‘The Signing’ comes back to haunt Arizona fake electors, close Trump allies in indictment


Indicted fake electors at

Indicted fake electors at “The Signing” of Dec. 14, 2020, as seen in a video posted by the Republican Party of Arizona; Mark Meadows (left inset)(AP Photo/Patrick Semansky, File), Rudy Giuliani (center inset)(AP Photo/Matt Rourke), Boris Epshteyn (right inset) (MANDEL NGAN/AFP via Getty Images).

The indictment of 11 fake electors, Rudy Giuliani, Mark Meadows, and several current or former Trump campaign lawyers in Arizona capped off a day Wednesday where former President Donald Trump was identified in two separate cases as an unindicted co-conspirator. The Arizona indictment, charging a slew of felonies, shows that weeks after the 2020 election, concerns about “legal exposure” were raised by Pennsylvania lawyers but were scoffed at by a Trump ally who remarked “f— these guys.”

The indictment began by hitting former Arizona GOP chair Kelli Ward, her husband Michael Ward, Tyler Bowyer, Nancy Cottle, Jacob Hoffman, Anthony Kern, James Lamon, Robert Montgomery, Samuel Moorhead, Lorraine Pellegrino, and Gregory Safsten with nine felony counts each in the state conspiracy, fraud, forgery, and public record tampering case that stemmed from “The Signing,” which the Arizona GOP publicly posted on Dec. 14, 2020.

But beyond the signers of a document holding themselves out as legitimate electors, several of Trump’s post-2020 election lawyers and advisors were also hit with indictments (though their names were redacted since they had not yet been served, as Arizona AG Kris Mayes, a former Republican who became a Democrat in 2019, explained).

Still, it was easy to identify former White House chief of staff Mark Meadows, top Trump ally Rudy Giuliani, Trump campaign lawyer Boris Epshteyn, former Trump campaign lawyer Jenna Ellis, former OAN reporter turned Trump lawyer Christina Bobb (recently minted as the Republican National Committee’s “election integrity” lawyer), former Trump campaign aide Mike Roman, and John Eastman, the retired law professor facing possible disbarment over the so-called Jan. 6 “coup memo.”

“Defendants’ attempts to declare Unindicted Coconspirator 1 and Pence the winners of the 2020 Presidential Election contrary to voter intent and the law, involved numerous other charged and uncharged coconspirators,” the indictment said, alleging a “scheme to keep [Trump] in office against the will of Arizona voters.”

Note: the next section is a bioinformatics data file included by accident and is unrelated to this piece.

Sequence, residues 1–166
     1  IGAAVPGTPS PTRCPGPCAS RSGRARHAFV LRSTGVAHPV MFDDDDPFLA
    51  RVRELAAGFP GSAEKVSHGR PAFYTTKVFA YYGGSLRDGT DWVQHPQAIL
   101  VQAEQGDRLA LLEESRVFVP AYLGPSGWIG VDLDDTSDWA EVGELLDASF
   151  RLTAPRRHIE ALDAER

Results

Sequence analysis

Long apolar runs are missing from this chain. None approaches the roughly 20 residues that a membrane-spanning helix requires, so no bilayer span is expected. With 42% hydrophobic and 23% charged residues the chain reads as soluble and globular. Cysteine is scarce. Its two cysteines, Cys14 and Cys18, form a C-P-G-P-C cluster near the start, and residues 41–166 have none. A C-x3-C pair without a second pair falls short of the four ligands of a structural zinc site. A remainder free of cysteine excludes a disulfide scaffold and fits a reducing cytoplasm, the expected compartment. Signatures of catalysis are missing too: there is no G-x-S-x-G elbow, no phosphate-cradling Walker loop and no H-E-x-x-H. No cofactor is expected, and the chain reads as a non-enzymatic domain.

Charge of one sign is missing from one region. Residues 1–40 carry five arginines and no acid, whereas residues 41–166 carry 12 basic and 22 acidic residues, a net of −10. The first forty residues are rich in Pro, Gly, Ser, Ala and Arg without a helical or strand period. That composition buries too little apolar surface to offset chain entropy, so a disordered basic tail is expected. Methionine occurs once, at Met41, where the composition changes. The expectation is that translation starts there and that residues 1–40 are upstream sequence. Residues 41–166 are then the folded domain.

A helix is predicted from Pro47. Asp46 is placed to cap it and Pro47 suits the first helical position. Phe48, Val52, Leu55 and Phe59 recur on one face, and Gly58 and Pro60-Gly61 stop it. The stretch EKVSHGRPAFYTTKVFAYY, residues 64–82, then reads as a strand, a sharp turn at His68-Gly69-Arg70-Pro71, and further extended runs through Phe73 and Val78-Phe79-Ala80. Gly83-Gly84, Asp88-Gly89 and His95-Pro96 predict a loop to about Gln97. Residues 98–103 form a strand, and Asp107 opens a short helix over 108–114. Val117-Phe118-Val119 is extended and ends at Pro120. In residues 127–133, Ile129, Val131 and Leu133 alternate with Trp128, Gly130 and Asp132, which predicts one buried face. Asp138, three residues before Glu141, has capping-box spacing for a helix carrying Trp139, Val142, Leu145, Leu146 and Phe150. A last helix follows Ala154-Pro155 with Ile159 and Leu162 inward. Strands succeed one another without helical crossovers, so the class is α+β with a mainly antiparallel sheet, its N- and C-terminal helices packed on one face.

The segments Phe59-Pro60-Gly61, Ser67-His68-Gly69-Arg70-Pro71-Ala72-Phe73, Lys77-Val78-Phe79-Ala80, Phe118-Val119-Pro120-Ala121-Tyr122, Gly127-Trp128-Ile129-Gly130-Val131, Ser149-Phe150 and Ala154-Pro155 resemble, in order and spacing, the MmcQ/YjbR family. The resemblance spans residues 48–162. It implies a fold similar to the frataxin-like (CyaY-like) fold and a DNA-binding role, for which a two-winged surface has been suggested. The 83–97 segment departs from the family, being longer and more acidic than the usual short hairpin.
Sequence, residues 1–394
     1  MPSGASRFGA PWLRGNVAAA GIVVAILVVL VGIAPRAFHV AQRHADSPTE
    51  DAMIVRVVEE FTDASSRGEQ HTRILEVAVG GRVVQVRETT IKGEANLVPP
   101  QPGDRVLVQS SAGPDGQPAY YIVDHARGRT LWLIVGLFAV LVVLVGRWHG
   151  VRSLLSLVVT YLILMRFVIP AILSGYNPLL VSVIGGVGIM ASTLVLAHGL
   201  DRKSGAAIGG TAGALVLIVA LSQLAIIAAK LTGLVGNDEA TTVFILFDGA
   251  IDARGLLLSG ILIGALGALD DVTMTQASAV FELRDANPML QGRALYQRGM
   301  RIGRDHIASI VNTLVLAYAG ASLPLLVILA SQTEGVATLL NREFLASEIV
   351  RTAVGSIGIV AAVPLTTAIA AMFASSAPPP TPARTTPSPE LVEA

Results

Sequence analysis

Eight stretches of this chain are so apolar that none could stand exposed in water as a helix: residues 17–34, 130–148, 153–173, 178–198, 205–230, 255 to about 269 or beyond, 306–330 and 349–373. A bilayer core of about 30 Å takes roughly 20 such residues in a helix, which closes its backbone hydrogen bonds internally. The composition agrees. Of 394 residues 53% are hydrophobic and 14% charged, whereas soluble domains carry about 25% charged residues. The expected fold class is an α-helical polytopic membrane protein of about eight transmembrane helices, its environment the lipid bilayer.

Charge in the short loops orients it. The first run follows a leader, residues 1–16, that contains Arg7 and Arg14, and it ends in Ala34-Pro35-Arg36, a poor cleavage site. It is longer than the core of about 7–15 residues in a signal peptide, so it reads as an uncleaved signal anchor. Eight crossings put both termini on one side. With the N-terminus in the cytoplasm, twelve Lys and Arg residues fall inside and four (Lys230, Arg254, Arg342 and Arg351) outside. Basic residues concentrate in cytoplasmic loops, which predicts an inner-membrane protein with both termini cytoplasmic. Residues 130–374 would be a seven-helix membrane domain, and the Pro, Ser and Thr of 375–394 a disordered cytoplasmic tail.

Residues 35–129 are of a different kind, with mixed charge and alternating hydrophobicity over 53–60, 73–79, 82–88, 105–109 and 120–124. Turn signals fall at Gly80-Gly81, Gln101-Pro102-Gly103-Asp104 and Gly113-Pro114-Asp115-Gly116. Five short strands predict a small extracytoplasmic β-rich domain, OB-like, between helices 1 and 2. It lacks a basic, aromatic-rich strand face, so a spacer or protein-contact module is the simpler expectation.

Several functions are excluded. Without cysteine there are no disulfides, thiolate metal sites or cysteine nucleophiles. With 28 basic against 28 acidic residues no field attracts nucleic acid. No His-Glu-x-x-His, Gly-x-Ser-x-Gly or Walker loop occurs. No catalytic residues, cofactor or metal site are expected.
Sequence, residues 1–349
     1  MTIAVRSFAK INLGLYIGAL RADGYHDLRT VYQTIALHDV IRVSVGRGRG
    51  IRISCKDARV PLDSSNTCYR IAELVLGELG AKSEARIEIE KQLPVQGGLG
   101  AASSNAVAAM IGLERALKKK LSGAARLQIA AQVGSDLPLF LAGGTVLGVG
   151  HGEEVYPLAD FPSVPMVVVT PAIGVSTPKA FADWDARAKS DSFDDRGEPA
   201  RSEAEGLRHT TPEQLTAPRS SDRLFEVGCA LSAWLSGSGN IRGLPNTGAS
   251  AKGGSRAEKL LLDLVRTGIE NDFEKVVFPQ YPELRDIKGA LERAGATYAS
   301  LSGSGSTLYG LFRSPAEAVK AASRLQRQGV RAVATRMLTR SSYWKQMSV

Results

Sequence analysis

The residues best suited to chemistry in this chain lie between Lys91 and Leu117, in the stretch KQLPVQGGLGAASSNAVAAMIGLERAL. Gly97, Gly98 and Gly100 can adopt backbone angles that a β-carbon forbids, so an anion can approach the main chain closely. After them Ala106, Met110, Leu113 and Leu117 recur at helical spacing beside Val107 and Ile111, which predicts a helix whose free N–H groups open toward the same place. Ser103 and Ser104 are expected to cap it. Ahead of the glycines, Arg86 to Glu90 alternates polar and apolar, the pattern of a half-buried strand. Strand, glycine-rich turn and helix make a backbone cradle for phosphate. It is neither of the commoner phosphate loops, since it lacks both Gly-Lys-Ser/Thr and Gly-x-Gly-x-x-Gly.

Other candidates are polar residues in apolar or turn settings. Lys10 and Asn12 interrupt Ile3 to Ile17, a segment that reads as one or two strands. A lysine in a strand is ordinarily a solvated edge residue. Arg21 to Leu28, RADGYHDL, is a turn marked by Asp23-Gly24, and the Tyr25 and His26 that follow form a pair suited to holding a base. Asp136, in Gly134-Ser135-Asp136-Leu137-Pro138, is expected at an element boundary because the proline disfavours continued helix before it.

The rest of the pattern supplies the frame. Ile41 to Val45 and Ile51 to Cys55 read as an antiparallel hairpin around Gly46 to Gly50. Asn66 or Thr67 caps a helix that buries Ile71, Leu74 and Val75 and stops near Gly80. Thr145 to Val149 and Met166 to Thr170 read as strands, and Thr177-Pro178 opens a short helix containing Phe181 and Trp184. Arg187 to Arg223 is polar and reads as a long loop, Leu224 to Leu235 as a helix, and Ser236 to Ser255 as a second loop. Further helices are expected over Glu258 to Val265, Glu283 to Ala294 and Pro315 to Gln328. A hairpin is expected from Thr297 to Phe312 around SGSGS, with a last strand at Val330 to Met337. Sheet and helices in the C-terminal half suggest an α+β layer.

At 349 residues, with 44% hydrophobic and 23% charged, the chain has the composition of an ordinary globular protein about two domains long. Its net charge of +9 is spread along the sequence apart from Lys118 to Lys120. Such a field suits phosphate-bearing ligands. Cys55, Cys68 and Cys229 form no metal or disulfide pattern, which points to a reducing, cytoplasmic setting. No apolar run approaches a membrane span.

The indictment, which you can read here, identified Trump as “Unindicted Coconspirator 1,” but there are several other unindicted figures, including attorney Ken Chesebro (“Unindicted Coconspirator 4”), a central behind-the-scenes figure in fake elector schemes across the key states that Trump lost. The documents detailed how Trump’s son, though it did not say which one, texted on Nov. 5, 2020, a way to overturn the election with one “very simple” trick.

“It’s very simple if through our lawsuits and recounts the Secretary of States [sic] on each state cannot ‘certify’ that states vote the State Assemblies can step in and vote to put forward the electoral slate Republicans control Pennsylvania, Wisconsin, Michigan, North Carolina etc. we get Trump electors,” the text said.

One day later, an Arizona congressional rep pushed the fake “a look doors” scheme and received and “I love it” response.

Chesebro’s communications in the weeks the followed appeared to clearly establish that there were worries in some Republican quarters about signing documents claiming, without “contingency language,” that the fake electors were “duly elected and qualified.” But those concerns were casually disregarded two days before “The Signing.”

“During a conference call on December 12, 2020, a Pennsylvania attorney expressed concern that the certificate of vote falsely claimed that the Republican electors were the ‘duly elected and certified electors,’” the indictment said. “He requested adding language to the certificates indicating that the Trump-Pence electors’ votes were contingent on being certified the duly elected and qualified electors.”

Ken Chesebro then texted “Mike,” appearing to be Mike Roman, about those concerns.

“Mike, I think the language at start of certificate should be changed in all states. Let’s look at the language carefully,” Chesebro said.

“I don’t,” the text recipient replied.

The indictment added that when Chesebro said he could “help with drafting in a couple hours,” the answer he got was: “f— these guys,” seeming to refer to the Pennsylvania lawyers who pointed out potential legal issues.

The next day, Chesebro said in an email: “Mike, here is my suggested language for dealing with the concern raised in the PA conference call about Electors possibly facing legal exposure (at the hands of a partisan AG) if they seem to certify that they are currently valid Electors.”

“Easily fixed ….” he added, “It strike [sic] me that if inserting these few words is a good idea for PA, it might be worth suggesting to Electors in other states.”

Giuliani advisor Ted Goodman said in a statement to Law&Crime that it the timing of the indictment is “not a coincidence.”

“The continued weaponization of our justice system should concern every American as it does permanent, irrevocable harm to the country,” he said. “Mayor Rudy Giuliani—one of the most effective prosecutors in American history who took down the Mafia, cleaned up the streets of New York and locked up corrupt public officials—is proud to stand up for the countless Americans who raised legitimate concerns surrounding the 2020 U.S. Presidential Election.”

“It’s unfortunate to see so many so-called ‘leaders’ who are willing to eviscerate our entire justice system in their quest to take down the biggest threat to their grasp on power—President Donald Trump and anyone willing to take on the ruling regime,” he added.

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